Innovation in today’s healthcare space is vital
Digital Health Now has never been a better time for digital healthcare innovation, but there are still some challenges which need to be faced, says Yinka Makinde, Programme Director at DigitalHealth.London.
“It’s no surprise that the demand for healthcare is outstripping our ability to supply services, forcing us to look at new models of care and ways to deliver them,” says Makinde. “We need technology to help improve the way we communicate, whether that’s healthcare professional to patient, patient to patient, or healthcare professional to healthcare professional.
“There’s a big push now in the NHS around ‘channel shifting’. With a large demand on A&E and GP practices, we’re running out of doctors and we are not going to be producing enough GPs over the next 10 years to be able to support the system.
“So, there’s a huge drive to channel shift to other healthcare professionals, like community-based nurses, pharmacists, etc. What this means is that some of the ongoing monitoring required for patients with long-term conditions will be conducted in other places – such as patient’s homes – and technology can enable that to happen.”
However, while the ability for organisations to innovate in today’s digital healthcare space is vital, implementing new ideas can be challenging.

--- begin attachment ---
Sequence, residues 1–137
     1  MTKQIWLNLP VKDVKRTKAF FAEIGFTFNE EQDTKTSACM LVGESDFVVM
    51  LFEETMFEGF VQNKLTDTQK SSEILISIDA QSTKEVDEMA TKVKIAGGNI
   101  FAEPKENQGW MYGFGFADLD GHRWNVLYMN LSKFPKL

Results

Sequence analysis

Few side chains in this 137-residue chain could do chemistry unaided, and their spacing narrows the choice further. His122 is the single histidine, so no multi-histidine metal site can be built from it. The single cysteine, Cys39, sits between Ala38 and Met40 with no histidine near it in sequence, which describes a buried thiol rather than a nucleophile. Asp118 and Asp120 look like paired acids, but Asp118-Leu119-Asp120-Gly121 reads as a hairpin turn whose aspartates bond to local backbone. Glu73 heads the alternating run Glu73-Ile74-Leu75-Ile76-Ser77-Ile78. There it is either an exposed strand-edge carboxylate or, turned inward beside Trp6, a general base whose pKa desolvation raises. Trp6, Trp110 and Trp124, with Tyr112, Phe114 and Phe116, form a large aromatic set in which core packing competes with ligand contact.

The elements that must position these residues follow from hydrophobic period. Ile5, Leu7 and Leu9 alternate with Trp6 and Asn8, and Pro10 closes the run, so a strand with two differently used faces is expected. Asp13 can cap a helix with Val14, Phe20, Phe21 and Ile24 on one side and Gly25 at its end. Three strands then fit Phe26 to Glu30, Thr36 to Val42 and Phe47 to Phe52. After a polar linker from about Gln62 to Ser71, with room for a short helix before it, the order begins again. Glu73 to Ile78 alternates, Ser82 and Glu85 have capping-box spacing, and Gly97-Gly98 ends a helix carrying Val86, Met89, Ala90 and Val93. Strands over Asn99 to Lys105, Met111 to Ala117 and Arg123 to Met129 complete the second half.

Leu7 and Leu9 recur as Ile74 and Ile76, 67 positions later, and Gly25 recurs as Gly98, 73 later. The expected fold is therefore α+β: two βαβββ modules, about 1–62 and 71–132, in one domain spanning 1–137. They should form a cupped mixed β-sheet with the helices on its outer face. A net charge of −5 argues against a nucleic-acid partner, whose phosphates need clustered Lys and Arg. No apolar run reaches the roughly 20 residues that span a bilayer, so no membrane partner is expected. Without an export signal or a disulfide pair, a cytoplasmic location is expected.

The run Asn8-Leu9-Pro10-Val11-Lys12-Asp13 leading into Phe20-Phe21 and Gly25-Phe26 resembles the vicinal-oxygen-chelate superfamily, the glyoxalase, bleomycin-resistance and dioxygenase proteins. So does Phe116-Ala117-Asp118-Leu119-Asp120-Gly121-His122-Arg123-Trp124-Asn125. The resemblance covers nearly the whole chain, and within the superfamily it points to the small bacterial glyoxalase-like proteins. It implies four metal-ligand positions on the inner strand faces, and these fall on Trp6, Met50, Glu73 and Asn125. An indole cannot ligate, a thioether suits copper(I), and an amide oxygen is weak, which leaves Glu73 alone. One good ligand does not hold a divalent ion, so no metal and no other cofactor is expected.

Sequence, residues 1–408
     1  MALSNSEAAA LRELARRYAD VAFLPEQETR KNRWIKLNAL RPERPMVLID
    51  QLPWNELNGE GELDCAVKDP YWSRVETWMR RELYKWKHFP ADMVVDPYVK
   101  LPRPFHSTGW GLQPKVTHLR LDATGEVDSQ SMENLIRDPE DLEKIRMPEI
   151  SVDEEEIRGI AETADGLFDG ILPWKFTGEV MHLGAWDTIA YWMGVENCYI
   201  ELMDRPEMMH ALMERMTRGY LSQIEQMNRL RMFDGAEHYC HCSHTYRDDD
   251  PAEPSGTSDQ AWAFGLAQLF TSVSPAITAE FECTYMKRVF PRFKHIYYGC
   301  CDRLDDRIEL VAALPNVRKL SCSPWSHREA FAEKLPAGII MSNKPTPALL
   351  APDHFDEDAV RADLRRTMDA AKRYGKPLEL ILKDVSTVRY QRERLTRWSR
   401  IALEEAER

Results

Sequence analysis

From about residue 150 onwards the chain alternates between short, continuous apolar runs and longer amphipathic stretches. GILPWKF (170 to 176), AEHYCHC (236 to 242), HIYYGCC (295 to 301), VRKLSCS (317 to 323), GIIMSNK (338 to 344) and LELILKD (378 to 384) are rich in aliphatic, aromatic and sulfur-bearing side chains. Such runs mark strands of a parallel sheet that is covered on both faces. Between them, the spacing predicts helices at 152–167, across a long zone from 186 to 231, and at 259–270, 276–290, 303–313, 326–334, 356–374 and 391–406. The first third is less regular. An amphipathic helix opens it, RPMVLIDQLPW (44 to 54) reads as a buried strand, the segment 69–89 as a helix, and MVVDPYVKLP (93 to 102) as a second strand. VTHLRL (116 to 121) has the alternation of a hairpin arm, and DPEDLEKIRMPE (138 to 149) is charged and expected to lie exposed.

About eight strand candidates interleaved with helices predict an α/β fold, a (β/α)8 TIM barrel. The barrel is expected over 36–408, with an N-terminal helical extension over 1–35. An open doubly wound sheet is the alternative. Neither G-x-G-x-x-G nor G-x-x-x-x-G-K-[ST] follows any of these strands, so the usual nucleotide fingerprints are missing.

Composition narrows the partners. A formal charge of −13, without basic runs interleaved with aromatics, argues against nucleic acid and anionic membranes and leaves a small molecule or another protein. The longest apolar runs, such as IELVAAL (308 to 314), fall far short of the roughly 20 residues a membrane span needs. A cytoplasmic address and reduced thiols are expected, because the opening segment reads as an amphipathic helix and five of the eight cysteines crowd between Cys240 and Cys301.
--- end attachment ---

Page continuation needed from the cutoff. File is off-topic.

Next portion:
“There are hundreds of ideas, technologies and apps out there,” says Makinde, “but many aren’t addressing the real needs in the system. Part of our role at DigitalHealth.London is to help that process, to scout for or sign post to digital solutions that the health and care system, patients and the public can benefit from.
Access to funding
“We’ve interacted with over 250 companies over the last year. Many have great ideas, some have developed compelling propositions, but few have managed to scale their innovations across the NHS. They also struggle to figure out the best business models, and how they’ll make money or sustain themselves. Access to funding continues to be a challenge not just for the innovators, but also on the healthcare providers’ side. You might have the most engaged clinician who likes your product, but they may struggle to access the they need to back fill them to get involved in the project and sustain it across the trust, beyond the one ward or department.
“We’re committed to helping overcome some of these hurdles, through raising buyers’ awareness about the digital market and supporting transformation, and through our one-year accelerator programme for suppliers, helping them to scale and find the right opportunities. We do this both directly and by working with our national bodies, such as NICE (National Institute for Health and Care Excellence), Office for Life Sciences, NIHR (National Institute for Health Research) and NHS England.”
Makinde adds: “Digital success relies on people – we need to invest in people in the NHS, not only giving them capability and confidence, but also giving them permission to actually take calculated risks, because inevitably digital innovation is risky. We need to invest in individuals who are desperate to transform the system, because they are the future and the ones who will drive the digital transformation in the NHS.”